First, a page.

Type 1 diabetes is a chronic disease. The disease is still not curable, but there are very good methods of controlling it and keeping blood sugar at a safe level, the "target level". Working with the doctor, dietitian, and diabetes nurse, most people with type 1 diabetes can develop an effective and healthy treatment plan. Patients with type 1 diabetes should consider (regardless of age, level of physical activity or lifestyle) their diet, exercise and insulin as the key factors in their treatment plan.
All patients with type 1 diabetes need insulin every day. The pancreas is unable to regulate the release of insulin into the blood, which can cause blood glucose levels in the body to become dangerously high or low. Therefore, a method must be used where blood glucose levels can be monitored throughout the day and can be adjusted with insulin. This usually involves a small device that tests a drop of blood from the diabetic patient. Based on the results, the patient can then determine if the body needs more insulin. Insulin is administered with regular injections or with an insulin pump, a newer preferred method of insulin regulation.
Insulin pumps are fairly small devices that are filled with insulin and deliver insulin according to a certain schedule to regulate blood glucose levels. The initial testing period establishes the baseline amount of insulin, which varies from person to person. Based on this, the insulin pump administers small and consistent amounts of insulin throughout the day, allowing the user to achieve a fairly well-regulated glucose level. At meals and just before physical activities, the amount of insulin to be delivered by the pump can be adjusted manually. These pumps require commitment and attention from the user, but because glucose levels are more stable, patients with type 1 diabetes can live their lives without the worries and risks associated with traditional insulin therapy. Insulin pump systems for patients with type 1 diabetes are considered the closest to a fully functioning pancreas.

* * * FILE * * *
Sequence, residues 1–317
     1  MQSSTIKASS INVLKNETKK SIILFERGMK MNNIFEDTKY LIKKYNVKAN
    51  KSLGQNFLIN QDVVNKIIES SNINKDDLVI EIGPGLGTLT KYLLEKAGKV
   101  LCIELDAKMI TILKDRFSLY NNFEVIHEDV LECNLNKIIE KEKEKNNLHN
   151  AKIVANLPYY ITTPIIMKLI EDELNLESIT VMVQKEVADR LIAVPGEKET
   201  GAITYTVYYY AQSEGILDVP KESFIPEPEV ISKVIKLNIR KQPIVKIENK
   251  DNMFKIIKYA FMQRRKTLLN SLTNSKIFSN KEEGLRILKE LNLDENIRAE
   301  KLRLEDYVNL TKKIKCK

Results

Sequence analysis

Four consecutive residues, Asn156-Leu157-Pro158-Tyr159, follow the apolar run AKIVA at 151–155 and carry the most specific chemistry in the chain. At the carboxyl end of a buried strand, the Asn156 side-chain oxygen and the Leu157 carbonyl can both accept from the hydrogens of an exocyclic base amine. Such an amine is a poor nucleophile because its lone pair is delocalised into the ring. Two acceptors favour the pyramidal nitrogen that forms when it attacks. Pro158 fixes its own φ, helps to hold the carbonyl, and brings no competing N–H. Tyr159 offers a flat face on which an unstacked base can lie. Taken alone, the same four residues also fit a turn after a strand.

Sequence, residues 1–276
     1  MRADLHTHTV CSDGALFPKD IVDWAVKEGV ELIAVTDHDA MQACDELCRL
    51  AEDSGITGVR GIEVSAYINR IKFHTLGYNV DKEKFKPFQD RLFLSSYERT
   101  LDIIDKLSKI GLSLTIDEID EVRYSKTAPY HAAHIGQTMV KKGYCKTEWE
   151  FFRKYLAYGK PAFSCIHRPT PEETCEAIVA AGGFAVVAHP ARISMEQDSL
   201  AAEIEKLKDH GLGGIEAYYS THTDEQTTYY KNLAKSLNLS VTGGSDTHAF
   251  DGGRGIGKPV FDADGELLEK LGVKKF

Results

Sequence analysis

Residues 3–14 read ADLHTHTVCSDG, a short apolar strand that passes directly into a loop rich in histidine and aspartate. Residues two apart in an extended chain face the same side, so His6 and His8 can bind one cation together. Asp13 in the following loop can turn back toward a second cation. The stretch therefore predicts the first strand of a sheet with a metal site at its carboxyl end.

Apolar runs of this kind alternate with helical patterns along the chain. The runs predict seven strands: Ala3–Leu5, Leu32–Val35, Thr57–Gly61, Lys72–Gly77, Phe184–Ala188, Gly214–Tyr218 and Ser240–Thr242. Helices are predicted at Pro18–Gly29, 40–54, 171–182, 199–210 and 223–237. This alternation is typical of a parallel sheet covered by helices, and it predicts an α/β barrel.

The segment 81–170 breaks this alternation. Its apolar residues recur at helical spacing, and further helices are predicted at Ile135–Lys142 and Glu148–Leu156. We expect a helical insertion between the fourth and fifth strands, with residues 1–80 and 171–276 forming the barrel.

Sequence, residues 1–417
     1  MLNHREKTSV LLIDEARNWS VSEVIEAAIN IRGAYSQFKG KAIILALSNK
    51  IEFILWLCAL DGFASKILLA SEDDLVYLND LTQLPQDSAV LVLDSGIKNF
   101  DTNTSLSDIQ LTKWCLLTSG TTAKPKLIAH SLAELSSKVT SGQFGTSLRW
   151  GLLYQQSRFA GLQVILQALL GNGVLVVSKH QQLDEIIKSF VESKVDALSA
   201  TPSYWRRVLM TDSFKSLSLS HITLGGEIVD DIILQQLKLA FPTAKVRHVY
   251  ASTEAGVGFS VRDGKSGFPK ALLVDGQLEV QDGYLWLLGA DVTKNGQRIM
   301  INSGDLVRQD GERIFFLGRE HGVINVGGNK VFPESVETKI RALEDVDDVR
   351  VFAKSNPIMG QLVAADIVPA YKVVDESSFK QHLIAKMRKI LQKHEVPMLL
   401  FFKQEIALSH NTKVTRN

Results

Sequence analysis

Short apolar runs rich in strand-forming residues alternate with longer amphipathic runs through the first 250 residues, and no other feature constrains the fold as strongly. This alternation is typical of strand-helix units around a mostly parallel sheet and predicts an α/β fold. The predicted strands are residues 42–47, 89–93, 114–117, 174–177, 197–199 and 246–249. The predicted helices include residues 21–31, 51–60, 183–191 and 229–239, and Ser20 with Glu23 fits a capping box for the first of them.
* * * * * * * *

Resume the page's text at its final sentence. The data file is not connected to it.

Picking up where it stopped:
A diet is the next key factor in the daily lives of patients with type 1 diabetes. People with type 1 diabetes can eat anything that healthy people also enjoy, but the key to safe food choices is moderation. Carbohydrates are important, whether they are in a piece of pie or a plate of pasta. They should be eaten responsibly and in moderation. Patients with type 1 diabetes do not have to give up certain foods altogether, but they should put energy into a balanced healthy diet of vegetables, fruits, proteins, and carbohydrates (spread evenly throughout the day) and also be prepared to adjust insulin delivery if they have a treat.
Physical activity is good for everyone, and patients with type 1 diabetes should include some form of daily exercise in their treatment plan. Physical activity also reduces the risk of cardiovascular disease in diabetic patients. It is imperative that diabetic patients discuss an existing or new exercise program with their physician to ensure that the level of activity is not too intense or strenuous in the beginning. The body uses more insulin with all forms of exercise. Patients with type 1 diabetes should therefore adjust their dose of insulin accordingly, and it is best to consult their doctor about adjusting the prescribed medication.
Other important factors to consider in the management of type 1 diabetes include the benefits of regular physical examinations to monitor and adjust the treatment plan as needed. A doctor may then also check the patient for symptoms of the known complications of diabetes, such as vision or kidney problems. People with diabetes should also avoid smoking and drinking alcohol. Indeed, smoking and alcohol consumption significantly increase the risk of complications for diabetic patients.
The primary goal of an effective treatment plan for type 1 diabetes is to ensure proper blood glucose levels. A regular daily schedule with a predictable amount of exercise and healthy food make blood glucose levels more controllable and type 1 diabetes easier to treat.